(Swedish in a separate blog)
The journalist Björn Lindahl at Svenska Dagbladet [a Swedish broadsheet] is, without doubt, Sweden’s leading journalist on oil and natural gas issues. In today’s “Industry” section of the newspaper he has written a very interesting article on Petro China and their development into the world’s highest value listed company. At a value of 333 billion dollars it is now larger than Exxon. Of course, Saudi Aramco would have a greater value if that company was listed on a stock exchange. At the moment Björns article is not available on the internet but I hope that it will be.
Compared with the size of its landmass, China’s oil reserves are quite modest. In total they are about 16 billion barrels. They have chosen to divide up their oil industry into three companies: the Chinese National Petroleum Company, (that is Petro China’s mother company), the Chinese National Offshore Company (that has a monopoly over offshore production in Chinese waters) and Sinopec, that has its main activity in refining and distribution of gasoline and other products.
Let me quote Björn’s description of China’s development as an oil nation:
“The Chinese oil industry is young in comparison to those of America and Russia. The giant oilfield Daqing was found when geologists began to search for oil on the dry plains of northern China in 1959. (Read about my visit to Daqing, , part1, part22). The communist party’s chairman Mao Zedong decided that the nation should become independent of oil imports by developing the field. In their propaganda, Wang Jinxi (or “The Ironman” as he was called) was held up as a symbol of the new China. His legendary drilling team No. 1205 drilled many of the more than 1000 wells in Daqing under very primitive conditions. The field reached its highest production in 1999 at 1.1 million barrels per day. According to Mikael Höök at Uppsala University who recently wrote a report on the Chinese giant fields, together with the fields Shengli and Huabei, Daqing represented 80% of total Chinese production in 1980.” (Link to our article on the Chinese giant fields.)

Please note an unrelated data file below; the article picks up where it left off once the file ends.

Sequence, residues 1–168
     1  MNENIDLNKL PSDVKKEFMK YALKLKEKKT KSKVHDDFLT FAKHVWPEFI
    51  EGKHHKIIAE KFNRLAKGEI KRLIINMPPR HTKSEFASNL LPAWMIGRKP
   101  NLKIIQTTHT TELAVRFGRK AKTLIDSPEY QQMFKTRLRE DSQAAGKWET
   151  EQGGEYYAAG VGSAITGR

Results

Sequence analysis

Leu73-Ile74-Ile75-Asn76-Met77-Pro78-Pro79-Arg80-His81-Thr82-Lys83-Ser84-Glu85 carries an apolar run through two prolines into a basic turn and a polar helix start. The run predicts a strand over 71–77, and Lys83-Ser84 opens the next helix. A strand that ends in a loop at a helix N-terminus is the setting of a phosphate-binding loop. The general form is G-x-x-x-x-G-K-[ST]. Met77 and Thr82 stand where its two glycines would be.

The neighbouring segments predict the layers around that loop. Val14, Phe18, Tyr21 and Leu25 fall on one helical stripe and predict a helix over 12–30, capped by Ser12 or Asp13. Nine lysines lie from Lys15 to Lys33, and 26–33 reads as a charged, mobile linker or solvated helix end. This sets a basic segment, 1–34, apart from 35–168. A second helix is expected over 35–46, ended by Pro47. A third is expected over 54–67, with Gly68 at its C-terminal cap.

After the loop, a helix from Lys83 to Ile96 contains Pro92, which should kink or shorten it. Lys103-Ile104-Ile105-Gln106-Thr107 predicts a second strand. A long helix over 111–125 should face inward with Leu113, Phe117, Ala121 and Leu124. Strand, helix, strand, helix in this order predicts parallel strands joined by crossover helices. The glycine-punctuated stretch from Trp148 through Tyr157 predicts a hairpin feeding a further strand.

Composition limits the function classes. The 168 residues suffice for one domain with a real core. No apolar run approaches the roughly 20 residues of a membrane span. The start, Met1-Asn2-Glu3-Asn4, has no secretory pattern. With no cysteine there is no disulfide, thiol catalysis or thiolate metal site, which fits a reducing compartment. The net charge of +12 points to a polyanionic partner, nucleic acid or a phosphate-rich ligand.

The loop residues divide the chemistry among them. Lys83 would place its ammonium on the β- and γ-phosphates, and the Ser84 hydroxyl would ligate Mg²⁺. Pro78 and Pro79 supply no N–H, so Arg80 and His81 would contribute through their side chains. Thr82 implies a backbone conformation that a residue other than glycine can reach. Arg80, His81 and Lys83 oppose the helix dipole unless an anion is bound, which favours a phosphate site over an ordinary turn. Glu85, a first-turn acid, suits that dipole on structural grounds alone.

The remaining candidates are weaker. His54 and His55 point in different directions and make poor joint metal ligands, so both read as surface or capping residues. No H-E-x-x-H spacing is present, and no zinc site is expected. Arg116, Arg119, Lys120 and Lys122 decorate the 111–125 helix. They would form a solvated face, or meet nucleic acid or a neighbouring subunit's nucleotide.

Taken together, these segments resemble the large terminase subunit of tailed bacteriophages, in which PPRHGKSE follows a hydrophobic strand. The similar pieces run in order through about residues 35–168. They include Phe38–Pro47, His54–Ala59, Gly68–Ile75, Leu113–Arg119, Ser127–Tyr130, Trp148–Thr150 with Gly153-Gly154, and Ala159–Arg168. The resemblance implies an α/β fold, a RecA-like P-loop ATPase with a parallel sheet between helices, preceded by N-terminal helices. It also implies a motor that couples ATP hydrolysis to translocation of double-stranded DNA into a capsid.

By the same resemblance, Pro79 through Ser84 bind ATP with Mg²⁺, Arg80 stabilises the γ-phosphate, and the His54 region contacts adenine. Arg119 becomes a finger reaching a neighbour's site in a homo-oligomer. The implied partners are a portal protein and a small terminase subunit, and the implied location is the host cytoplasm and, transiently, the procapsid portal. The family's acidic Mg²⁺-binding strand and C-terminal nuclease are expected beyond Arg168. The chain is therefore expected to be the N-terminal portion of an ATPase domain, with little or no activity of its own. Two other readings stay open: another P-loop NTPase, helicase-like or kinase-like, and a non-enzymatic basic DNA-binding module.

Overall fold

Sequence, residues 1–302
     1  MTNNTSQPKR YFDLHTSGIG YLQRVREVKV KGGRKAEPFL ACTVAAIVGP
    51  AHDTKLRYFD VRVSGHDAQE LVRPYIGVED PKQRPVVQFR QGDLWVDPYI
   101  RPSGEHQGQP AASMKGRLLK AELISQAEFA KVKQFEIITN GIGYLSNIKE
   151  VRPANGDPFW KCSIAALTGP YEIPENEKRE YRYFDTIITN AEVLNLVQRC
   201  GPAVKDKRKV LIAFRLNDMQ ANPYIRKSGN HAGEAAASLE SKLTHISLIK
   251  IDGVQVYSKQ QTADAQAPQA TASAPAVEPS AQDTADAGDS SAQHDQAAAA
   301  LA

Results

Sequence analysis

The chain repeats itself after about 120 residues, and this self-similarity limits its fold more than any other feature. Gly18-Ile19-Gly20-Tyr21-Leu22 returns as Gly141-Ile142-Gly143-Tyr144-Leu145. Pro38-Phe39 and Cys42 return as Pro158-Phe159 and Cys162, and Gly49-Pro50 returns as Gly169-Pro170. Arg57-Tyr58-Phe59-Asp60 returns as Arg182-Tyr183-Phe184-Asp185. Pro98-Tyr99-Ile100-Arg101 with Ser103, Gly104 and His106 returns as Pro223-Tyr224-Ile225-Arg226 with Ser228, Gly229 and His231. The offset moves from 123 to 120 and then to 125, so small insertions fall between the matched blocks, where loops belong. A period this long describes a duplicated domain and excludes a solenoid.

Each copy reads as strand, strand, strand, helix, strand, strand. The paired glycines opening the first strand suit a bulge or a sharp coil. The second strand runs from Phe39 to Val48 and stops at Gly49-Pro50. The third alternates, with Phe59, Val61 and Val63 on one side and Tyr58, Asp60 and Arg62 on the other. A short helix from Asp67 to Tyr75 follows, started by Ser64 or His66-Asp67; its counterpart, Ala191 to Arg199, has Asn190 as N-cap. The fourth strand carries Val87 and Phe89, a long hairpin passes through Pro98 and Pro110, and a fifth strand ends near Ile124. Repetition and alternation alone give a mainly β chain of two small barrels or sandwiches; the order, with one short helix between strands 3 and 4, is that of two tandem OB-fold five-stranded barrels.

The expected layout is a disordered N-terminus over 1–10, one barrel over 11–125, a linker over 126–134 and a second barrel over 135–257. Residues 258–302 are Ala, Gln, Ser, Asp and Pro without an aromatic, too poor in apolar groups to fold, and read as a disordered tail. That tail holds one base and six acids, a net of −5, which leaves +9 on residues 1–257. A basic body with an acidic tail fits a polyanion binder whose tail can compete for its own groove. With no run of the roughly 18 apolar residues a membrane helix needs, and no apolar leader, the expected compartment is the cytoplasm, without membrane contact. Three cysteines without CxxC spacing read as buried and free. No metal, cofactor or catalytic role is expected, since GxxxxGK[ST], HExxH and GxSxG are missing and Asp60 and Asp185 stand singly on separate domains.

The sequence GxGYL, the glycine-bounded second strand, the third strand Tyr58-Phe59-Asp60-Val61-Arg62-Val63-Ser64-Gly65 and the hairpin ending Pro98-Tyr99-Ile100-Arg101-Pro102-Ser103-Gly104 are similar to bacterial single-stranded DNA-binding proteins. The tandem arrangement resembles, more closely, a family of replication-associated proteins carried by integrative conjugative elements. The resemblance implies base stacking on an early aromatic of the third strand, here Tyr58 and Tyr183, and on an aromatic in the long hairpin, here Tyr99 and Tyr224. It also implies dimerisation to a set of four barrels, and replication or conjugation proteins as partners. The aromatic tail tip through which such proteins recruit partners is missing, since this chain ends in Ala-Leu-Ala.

The decision to form Petro China came in 1999 and by April 2000 the company was listed on the stock exchanges in Hong Kong and Shanghai. It was also possible to buy stocks in New York. They had hoped to raise 10 billion dollars but at that time the low oil price meant that its value became only 2.9 billion.
’The conclusion of Björn Lindahl’s article is interesting:
“But the oil price rose. In 2002 the well-known investor Warren Buffet read Petro China’s annual report and came to the conclusion that the company was undervalued. During two years he bought shares worth 488 million dollars. In 2007 the company found the largest new Chinese oilfield for 50 years in the Bohai Gulf with an estimated 7.5 billion barrels of oil. At the same time an additional 3.7% of the shares were sold in an issue on the Shanghai stock exchange. The demand was so great that the market value of Petro China tripled. A short time later the company was worth more than 1000 billion dollars. Warren Buffet took the chance to sell his shares that were now worth more than four billion dollars.”
It is interesting to note that it is communist China’s national oil company that has helped make Warren Buffet the world’s richest person. It seems appropriate that he now wants to give away half of his fortune.